Energy Manager

Measure, map and manage

Our industry now has the power to measure and sensor almost every piece of building information and then map it to graphical representations to develop strategies for managing from anywhere, anytime. To effectively make this happen, we need to lower the cost of sensors and their installation, increase their reach by improving our presentation models while looking to the cloud for low cost management of dynamic building information.

November 26, 2009  By  Ken Sinclair

The business case is simple for measuring is simple, says Daryl Cowie, Business Development Manager for Wescon Technologies. “Energy costs today regularly account for 20 per cent to 30 per cent of total building operation budgets,” he says. “Good energy management programs have been repeatedly proven to save between 15 per cent and 30 per cent on energy costs. This equates to somewhere between three per cent and nine per cent of your total operating budget. That’s money in your pocket (or at least the owner’s pocket). Numbers like this are hard to argue with.”

Yet regardless of all the press about green technology and energy efficiency, Cowie isn’t seeing commercial and industrial buildings operating at anywhere near the efficiency they should.

“Over the past few years, study after study has reported 15-30 per cent savings in energy usage directly related to submetering programs,” says Cowie. “For facilities with over $1 million in energy spending, this equates to annual six figure savings and systems that pay for themselves in less than a year. For smaller installations the paybacks are still very respectable and the savings continue year after year. Given the high cost of energy the value of energy management programs is no longer in question.”

The challenge, according to Cowie, is how to wade through the different system approaches to find a solution that’s right for you. For more of Cowie’s thoughts, click here.


Facility operators do have tools to help them, of course. Many are starting to use submetering to more accurately measure usage and demand for cost allocation load shedding and verifying compliance with LEED and other public and private-sector energy initiatives.

“Sold through distribution, electric submeters are easily integrated with water, gas and other pulse-output utility meters, and energy intelligence software, to provide a total facility energy snapshot,” says Don Millstein, President and CEO, E-Mon, LLC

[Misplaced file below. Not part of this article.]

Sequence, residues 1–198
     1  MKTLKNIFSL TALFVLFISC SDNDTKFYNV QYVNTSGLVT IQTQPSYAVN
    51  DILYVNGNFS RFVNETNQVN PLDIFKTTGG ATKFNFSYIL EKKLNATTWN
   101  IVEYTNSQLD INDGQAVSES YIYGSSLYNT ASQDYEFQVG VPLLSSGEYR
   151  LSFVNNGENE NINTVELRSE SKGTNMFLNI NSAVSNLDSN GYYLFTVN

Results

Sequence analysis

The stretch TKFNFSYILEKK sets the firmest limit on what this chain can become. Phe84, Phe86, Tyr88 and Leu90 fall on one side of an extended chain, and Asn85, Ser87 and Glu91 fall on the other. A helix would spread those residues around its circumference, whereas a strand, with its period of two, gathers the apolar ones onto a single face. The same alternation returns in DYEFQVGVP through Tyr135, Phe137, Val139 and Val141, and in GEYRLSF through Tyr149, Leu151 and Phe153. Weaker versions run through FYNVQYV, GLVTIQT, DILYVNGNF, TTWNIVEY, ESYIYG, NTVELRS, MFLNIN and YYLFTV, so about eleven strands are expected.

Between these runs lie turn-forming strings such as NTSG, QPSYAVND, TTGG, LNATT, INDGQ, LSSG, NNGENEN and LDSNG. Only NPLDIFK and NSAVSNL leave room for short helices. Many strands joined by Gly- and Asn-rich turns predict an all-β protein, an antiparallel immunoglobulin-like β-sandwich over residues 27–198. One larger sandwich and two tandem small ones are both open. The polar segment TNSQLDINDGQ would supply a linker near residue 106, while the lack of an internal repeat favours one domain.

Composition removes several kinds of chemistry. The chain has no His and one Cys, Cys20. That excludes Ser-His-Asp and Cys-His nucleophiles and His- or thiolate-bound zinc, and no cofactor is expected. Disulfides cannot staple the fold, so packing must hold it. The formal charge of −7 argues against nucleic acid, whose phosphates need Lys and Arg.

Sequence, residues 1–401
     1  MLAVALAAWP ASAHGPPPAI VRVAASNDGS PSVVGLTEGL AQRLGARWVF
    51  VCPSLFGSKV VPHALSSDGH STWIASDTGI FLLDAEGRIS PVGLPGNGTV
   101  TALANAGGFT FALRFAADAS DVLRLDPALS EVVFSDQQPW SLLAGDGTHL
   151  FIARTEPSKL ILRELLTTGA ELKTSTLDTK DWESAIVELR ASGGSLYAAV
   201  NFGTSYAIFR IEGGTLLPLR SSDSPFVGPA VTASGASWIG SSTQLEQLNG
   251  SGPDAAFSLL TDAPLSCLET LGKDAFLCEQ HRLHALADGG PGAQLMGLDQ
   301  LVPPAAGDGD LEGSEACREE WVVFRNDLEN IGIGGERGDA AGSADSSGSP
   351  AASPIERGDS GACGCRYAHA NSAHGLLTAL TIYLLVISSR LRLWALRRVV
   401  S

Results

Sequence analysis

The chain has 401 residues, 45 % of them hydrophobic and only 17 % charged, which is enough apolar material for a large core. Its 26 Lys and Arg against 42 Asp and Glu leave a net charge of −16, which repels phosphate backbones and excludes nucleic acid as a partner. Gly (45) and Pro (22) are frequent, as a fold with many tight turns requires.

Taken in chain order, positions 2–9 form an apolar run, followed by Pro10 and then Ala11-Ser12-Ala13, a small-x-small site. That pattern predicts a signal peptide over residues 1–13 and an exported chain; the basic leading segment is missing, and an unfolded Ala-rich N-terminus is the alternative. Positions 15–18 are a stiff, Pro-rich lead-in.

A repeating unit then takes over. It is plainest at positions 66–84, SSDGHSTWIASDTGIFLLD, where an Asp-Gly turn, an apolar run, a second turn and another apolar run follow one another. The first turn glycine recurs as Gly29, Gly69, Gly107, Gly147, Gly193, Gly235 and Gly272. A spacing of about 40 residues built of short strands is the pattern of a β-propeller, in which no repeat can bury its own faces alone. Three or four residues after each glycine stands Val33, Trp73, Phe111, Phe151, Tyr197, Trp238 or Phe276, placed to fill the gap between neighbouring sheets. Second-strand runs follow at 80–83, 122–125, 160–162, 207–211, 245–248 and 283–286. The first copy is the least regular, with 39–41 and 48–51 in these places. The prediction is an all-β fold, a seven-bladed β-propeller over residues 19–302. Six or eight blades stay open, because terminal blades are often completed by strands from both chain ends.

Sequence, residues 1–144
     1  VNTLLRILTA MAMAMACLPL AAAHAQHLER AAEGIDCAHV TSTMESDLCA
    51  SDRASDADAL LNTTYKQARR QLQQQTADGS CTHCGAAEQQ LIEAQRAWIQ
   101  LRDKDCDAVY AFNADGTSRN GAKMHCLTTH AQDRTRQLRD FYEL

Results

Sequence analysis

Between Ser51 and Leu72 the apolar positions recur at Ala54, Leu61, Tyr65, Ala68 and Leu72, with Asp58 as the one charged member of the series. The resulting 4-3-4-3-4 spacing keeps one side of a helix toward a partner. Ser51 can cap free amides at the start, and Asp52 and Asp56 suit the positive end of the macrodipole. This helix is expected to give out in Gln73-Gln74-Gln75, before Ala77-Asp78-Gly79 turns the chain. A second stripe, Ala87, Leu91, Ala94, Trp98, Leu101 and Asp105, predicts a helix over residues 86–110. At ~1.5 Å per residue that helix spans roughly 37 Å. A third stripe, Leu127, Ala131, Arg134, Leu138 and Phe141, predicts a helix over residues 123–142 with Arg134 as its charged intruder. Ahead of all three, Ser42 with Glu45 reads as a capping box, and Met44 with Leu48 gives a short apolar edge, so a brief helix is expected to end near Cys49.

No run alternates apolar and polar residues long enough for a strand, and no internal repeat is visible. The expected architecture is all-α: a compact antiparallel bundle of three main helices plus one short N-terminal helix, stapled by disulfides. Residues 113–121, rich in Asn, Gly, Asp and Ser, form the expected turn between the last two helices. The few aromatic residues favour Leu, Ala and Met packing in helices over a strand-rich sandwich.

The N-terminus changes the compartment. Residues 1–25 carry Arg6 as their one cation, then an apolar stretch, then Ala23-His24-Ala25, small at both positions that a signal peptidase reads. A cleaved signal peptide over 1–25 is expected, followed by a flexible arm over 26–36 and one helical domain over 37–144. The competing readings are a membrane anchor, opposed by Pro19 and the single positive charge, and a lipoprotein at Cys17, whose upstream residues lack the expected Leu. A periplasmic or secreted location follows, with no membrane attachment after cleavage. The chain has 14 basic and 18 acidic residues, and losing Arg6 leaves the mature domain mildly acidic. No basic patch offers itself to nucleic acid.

“Submeters acquire the energy data using 0-2V output split-core current sensors that are installed non-invasively around the electrical feeds being metered,” he continues. “This eliminates having to power down the load and makes for a safer, faster install for the electrical contractor.”

Millstein notes that “Submeters contribute directly toward points under several LEED green building certification categories. Any energy initiative that requires measurement and verification of program guidelines—and they all do—is fertile ground for submetering.”

For more on LEED points available from submetering, click here.

Mapping involves taking the data that comes from properly metering and measuring, and determining how this data can help improve processes.

Chemawa Indian School, located in Salem, Oregon, is using an Energy Efficiency Education Dashboard (EEED) to see how much power, water, and gas is being used throughout its campus, and how this usage can be improved. The EEED is displayed on an interactive 19-inch monitor located in the campus’ boiler room and will primarily be used by the school’s facility staff. The EEED communicates with the school’s building automation system to display the utility usage information that it is monitoring.

To learn more about this particular approach, click here to read Sarah Erdman’s article on the school.

It is clear if we do not manage our energy effectively and quickly, regulations will be put in place to do it for us. California is a good example of how the regulatory landscape is changing. It was the first state to mandate energy reporting for all non-residential buildings.

“Assembly Bill 1103 mandates that all California non-residential buildings report energy use beginning January 2009 and make this information available in January 2010,” notes Gina Elliott, MBA Project Director, Smart Buildings LLC. “The most recent 12-months data will be available to all prospective buyers, lessees, or lenders. The purpose of the energy reporting is 1) to allow comparisons to similar buildings, 2) aid owners and operators in managing their energy costs, 3) motivate owners to take action to improve a building’s energy usage, 4) help investors justify financial investments, and 5) enable energy efficiency to be valued as other building assets are valued within a real estate transaction.”

For more details, read Elliott’s article, Energy Reporting, by clicking here.

It’s important to decide now how to best measure, map and manage your facilities. The changing business landscape is demanding it. Being on or ahead of the curve will be an advantage.

Ken Sinclair is the Editor/Owner of

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